Revisiting Camille Paglia

Those of you with long memories might have recognized that Sean Salai, S.J., a former associate editor, is the second Jesuit scholastic to interview Camille Paglia for America.

In 1994, Camille Paglia, a professor at the University of the Arts in Philadelphia, was seemingly everywhere. Her book Sexual Personae, an original reading of art and literature, had become a surprise best seller in 1990, and, in the wake of its publication, she wrote for outlets as varied as the Times Literary Supplement and Playboy. Also in 1994, I was a Jesuit scholastic working at America as an associate editor. Sexual Personae was quite unlike anything I had ever read: a stew of impressive scholarship on art and literature, piquant observations on gender issues and provocative insights into pop culture. I didn’t agree with everything the author wrote, but I was never bored, and rarely did I read a page that didn’t prompt me to say to myself, “I never thought of it that way.” 


When I proposed to George W. Hunt, S.J., then the editor in chief, that we interview her, he—and I recall this distinctly--threw his head back and laughed. George had known Professor Paglia’s father as a fellow professor at Le Moyne College. 

Our interview was conducted over the phone, with an antiquated tape recorder that included a suction cup on the receiver, and Professor Paglia spoke in her trademark rapid-fire manner about her Italian-Catholic background, the American church, saints, gay activism, pornography, women, celibacy, creches and the Virgin Mary. 

It took days to transcribe the interview, and by the time I had finished I had moved to Boston to start my studies in theology. The interview, which ran for many pages in the magazine, was something of a bombshell: one of the longest she had done, and one of the first in which she talked about her Catholic background so openly, and so deeply. Given the topics that Professor Paglia covered, and the verve and bluntness with which she discussed them, George decided to devote his entire “Of Many Things” column to introducing the article, so as to prepare anyone’s otherwise delicate sensibilities for the onslaught. He began his column with the words, “Hold onto your hats!”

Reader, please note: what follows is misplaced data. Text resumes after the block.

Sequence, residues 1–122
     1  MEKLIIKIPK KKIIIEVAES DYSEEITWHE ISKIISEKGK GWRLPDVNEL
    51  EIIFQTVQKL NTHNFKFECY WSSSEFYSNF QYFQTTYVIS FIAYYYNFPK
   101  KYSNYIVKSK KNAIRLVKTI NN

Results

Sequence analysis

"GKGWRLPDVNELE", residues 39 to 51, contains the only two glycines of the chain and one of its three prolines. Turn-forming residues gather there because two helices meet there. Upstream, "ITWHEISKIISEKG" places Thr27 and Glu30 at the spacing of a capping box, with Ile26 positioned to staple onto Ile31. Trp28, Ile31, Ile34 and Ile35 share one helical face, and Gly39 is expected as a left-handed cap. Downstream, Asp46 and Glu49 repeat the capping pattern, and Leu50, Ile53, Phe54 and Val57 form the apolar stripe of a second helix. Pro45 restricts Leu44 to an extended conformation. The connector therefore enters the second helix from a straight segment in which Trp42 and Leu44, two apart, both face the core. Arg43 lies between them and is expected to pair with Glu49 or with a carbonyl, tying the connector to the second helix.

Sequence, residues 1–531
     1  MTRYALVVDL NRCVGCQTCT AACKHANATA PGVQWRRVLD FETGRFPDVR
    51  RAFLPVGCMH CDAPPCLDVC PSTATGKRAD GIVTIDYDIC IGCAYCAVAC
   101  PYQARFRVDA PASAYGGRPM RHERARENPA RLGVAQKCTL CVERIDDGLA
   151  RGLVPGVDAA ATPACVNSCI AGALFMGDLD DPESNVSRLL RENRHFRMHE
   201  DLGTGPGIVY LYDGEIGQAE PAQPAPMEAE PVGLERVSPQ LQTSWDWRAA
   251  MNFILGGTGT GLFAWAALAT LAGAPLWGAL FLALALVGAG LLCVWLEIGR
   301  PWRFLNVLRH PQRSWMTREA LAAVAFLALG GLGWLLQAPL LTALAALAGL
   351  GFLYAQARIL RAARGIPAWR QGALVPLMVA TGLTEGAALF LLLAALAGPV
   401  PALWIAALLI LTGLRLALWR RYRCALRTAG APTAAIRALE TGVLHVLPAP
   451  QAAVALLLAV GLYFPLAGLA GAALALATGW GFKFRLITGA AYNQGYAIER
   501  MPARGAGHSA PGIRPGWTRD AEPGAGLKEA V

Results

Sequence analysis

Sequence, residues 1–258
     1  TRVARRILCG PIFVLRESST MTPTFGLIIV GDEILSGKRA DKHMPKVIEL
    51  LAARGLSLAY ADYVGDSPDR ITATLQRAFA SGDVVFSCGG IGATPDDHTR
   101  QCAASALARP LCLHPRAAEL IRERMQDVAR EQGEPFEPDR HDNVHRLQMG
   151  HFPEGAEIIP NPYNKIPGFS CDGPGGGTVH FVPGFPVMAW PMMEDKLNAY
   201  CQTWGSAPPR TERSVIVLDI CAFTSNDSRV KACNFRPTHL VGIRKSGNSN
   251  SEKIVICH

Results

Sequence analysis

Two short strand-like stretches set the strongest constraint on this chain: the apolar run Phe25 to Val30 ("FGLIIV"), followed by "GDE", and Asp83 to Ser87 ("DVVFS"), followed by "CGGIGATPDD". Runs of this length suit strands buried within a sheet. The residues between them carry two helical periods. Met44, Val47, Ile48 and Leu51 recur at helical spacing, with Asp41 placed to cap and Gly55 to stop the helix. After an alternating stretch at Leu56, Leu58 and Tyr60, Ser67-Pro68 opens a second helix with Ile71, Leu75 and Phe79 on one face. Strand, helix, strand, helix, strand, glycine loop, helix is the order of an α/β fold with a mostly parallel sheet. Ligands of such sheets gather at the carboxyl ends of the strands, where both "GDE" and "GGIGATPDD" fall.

You can read the full interview in the attached PDF. 

Comments are automatically closed two weeks after an article's initial publication. See our comments policy for more.
F. Kelly Dougherty
2 years 7 months ago
The "full interview" pdf ends on page 18 in the middle of a sentence.
joseph o'leary
2 years 7 months ago
Yeah, can we read the rest of the interview? -Joe
Jude Rodriguez
2 years 7 months ago
If she was seemingly everywhere- then why did she need to be here? Would your talent and skill not be better suited to have found and offered a counter-voice of the “Christian Catholic” variety? Why not let Playboy keep their sensationalism and glorification of “what was never thought of that way” and remind the world, or at least your readers that there still is virtue? With all of secularism validating this woman and her ideas (back in ’94 and today), shouldn’t a Catholic publication validate those that strive to exemplify and glorify God in their interpretations of art and culture?


Don't miss the best from America

Sign up for our Newsletter to get the Jesuit perspective on news, faith and culture.

The latest from america

Pope Francis issues public correction to Cardinal Robert Sarah on who has final say over liturgical translations.
Gerard O'ConnellOctober 22, 2017
It is astonishing to think that God would choose to enter the world this way: as a fragile newborn who could not even hold up his own head without help.
Ginny Kubitz MoyerOctober 20, 2017
Protestors rally to support Temporary Protected Status near the U.S. Capitol in Washington on Sept. 26. (CNS photo/Tyler Orsburn)
Around 200,000 Salvadorans and 57,000 Hondurans have been residing in the United States for more than 15 years under Temporary Protected Status. But that status is set to expire in early 2018.
J.D. Long-GarcíaOctober 20, 2017
At the heart of Anne Frank’s life and witness is a hopeful faith in humanity.
Leo J. O'Donovan, S.J.October 20, 2017